III - Songs of Happiness, Words of Praise by (DOLCH)Release date: November 10, 2017
Label: Ván Records
(DOLCH) are back with a great new album III, and I managed to give it a few listens ahead of their upcoming gig in London with King Dude and Ruins of Beverast.
We start for no good reason with a 30-second track ‘Opening Speech’ which is just that… “Hello thankyou for buying this recording…” in a fantastically irritating slow computer voice that sounds like a bad demon robot impression from a crap no-budget kids show. I suppose this could have been some found-sound thing that the band stumbled over somewhere and thought was a laugh so made the bad decision to stick it on the front. Or they recorded it especially, for which there is no conceivable excuse. Was it only put on the review copy, like that ill-judged Old Man Gloom stunt a while ago where they sent out a fake press version of their album to get their own back on well-meaning people who care about their music? Or something? I don’t mind an ambientish intro on an otherwise heavy record, but this already has one of those up next in track two. It even speaks some nonsense about playing track six backwards, but this will only work on vinyl. Sure enough, track six is fifteen more seconds of utter stupidity: some clapping and then the same voice doing a sentence or two of backwards talking. I could not be less interested in what it says. Quite an achievement to have included two of the dumbest and most annoying tracks I have ever heard on a release, coming in at less than three quarters of a minute between them. I’ve spent more time than that writing this paragraph, but these two tracks are so transcendentally, stinkingly bad that it prompts me to try and process the idiocy by thinking about them far more than I should. Deep breath.
If you can hold your nose through those clever attempts at complete self-sabotage, the rest of the album is actually great. Minus the two tracks of rubbish and a pleasant enough pomple-pomple intro track, there are four proper tracks, a couple around five minutes, one eight and one eighteen minutes long. They’re all washes of churning grinding scruzzz, covered in zombiechant vocals like the bandmembers have been in a cult for long enough to forget what their real names are. The first track contributes to the sense of occult hypnosis as it approaches, starting with revolving drummery and a whispered repetition of “come, come, drink the water…”. The title is ‘The River’, but before I clocked that I was thinking of it more as a torrential curtain of rain, the white noise pattering of distortion seeming like a grey veil of water from the sky.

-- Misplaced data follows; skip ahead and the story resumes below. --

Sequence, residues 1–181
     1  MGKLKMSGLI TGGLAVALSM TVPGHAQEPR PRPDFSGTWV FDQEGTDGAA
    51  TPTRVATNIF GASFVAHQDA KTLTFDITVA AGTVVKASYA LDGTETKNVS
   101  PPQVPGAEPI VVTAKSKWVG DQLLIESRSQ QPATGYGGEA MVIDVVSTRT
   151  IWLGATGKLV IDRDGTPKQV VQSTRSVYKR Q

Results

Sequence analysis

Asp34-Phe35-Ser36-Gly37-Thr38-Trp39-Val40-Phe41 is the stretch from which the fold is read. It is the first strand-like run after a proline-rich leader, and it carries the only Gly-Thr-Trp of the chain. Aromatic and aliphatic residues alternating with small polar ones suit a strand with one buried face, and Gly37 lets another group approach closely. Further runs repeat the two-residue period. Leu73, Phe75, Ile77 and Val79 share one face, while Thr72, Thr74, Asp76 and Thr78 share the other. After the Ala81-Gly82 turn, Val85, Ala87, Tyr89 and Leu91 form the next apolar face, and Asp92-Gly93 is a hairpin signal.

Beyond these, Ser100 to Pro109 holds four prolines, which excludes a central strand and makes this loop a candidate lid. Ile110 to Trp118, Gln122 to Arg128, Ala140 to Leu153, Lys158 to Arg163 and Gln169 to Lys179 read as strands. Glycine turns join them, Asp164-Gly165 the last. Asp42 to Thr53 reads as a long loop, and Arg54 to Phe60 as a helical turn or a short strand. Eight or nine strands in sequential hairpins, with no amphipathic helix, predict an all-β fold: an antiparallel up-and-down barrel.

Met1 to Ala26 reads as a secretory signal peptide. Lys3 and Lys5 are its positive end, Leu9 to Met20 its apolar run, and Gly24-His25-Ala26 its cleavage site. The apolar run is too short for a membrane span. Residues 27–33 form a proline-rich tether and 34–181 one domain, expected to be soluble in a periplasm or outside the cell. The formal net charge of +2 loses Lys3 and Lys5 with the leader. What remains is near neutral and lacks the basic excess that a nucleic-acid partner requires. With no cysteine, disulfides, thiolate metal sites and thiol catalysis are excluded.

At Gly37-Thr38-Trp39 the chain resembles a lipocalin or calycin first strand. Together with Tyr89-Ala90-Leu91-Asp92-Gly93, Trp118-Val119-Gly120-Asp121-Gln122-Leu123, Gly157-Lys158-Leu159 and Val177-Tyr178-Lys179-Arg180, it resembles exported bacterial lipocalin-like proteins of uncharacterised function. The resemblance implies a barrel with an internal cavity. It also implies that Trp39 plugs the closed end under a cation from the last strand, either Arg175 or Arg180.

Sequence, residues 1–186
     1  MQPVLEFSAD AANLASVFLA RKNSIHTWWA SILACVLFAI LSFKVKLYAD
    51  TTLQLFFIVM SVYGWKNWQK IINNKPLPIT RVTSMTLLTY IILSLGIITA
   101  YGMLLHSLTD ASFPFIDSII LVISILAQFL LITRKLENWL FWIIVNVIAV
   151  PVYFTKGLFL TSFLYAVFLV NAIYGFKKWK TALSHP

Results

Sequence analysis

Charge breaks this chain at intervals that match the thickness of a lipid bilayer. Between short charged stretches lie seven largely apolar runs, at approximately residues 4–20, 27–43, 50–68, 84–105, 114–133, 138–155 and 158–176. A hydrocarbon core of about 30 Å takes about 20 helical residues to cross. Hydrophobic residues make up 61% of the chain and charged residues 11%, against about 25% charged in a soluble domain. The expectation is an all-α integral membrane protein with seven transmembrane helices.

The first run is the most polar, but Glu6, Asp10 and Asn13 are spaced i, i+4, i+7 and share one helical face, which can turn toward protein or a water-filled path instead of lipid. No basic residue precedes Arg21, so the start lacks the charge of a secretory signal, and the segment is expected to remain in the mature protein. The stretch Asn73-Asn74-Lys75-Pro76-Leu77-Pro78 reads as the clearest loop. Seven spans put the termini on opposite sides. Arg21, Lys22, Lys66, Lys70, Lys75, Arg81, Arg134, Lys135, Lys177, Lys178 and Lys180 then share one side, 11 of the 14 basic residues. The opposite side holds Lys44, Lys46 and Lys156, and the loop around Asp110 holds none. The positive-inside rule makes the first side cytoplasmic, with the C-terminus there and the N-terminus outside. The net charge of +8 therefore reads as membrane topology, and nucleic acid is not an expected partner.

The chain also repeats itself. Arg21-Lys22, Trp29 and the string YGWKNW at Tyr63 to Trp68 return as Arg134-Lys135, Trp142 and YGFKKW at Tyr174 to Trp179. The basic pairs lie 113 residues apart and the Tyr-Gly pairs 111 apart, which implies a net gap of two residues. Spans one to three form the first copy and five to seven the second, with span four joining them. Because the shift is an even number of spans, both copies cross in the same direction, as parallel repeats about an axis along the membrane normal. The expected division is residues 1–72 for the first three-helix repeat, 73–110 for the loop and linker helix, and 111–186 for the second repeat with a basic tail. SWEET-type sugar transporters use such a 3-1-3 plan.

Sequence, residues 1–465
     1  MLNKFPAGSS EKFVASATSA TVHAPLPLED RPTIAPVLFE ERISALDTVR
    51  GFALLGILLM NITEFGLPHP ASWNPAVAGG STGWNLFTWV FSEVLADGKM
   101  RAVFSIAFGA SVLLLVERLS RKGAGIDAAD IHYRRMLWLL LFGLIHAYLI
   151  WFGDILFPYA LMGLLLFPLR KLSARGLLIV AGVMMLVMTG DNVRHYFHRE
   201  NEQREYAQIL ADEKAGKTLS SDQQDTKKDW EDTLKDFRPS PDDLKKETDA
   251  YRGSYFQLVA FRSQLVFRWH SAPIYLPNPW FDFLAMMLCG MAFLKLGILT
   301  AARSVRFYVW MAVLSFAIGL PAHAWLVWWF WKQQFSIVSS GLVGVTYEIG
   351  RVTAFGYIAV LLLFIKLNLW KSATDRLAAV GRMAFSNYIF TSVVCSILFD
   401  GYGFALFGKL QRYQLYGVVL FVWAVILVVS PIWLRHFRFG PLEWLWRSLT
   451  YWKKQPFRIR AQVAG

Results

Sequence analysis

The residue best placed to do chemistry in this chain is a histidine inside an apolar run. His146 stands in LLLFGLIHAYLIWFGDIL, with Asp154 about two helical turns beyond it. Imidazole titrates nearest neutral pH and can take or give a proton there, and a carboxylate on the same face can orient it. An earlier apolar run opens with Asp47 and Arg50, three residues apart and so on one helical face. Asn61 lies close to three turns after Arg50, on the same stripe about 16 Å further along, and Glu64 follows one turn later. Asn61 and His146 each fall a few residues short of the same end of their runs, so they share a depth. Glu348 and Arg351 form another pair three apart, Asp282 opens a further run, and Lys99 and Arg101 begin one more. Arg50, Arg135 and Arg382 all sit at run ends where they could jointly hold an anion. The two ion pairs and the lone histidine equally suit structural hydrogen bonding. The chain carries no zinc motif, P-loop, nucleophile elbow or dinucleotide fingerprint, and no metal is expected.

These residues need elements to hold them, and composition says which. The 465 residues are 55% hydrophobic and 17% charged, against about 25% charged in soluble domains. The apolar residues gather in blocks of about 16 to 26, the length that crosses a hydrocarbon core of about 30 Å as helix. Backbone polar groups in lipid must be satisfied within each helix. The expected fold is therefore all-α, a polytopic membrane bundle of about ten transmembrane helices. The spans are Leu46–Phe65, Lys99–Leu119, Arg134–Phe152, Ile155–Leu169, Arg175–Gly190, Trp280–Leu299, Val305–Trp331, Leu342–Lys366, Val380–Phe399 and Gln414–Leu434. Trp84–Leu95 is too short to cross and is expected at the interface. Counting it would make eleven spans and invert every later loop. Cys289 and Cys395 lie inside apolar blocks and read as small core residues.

Previous album/demo/EP things from the band have had, to my ears, a sort of 90s chemical psychedelia touch to them, that reminded me (for the first time in at least a decade and a half) of things like cybergoth and Cyclefly. This new one still has that faint hint of neon at the edges of the black drapes of sticky noise, but those influences are now more subdued. It echoes of a strange 1990s retro-futurism but without distracting from the main focus, which is the private mumbling distortion-ritual of a few lonely lost souls. The second proper track has a bit of a vocal hurdy-gurdy type feel, which puts me in mind of a scene in the film City of Lost Children (1995 of course), where a nervously smoking organ-grinder sets his trained fleas to work with his offkey machine, implanting vials of lurid green liquid into people’s heads to turn them insane. This whole album in fact, could be the offshoot movie for those fleas and their lunatic victims and their seesawing soundtrack, a sonic conflation of the mad and the mechanical. The more I listen, the more the insistent melodies waft out of the murkiness like moaning mind-bewitchers, making the track title ‘Sirens’ ever more appropriate. ‘Hydroxytryptamin Baby’, no doubt named after some designer drug molecule or something, has a similar spiral step sound, wheezing up and down while ethereal wisps of vocals float about above. The final track ‘100000 Days’ is the biggest chunk of noise here, at first following a similar haunting luminous pathway as the others. After the first six minutes or so in that established template, it allows itself to submerge into wider pools of echoing radio static, across its expanse of nearly half the whole record’s running time, drifting further out into fuzzy dead air and distant shores of womblike noise. Overall this album definitely rewards repeat visits to its weirdly lit swampy depths. I’ll be deleting those unnecessary extra tracks first though.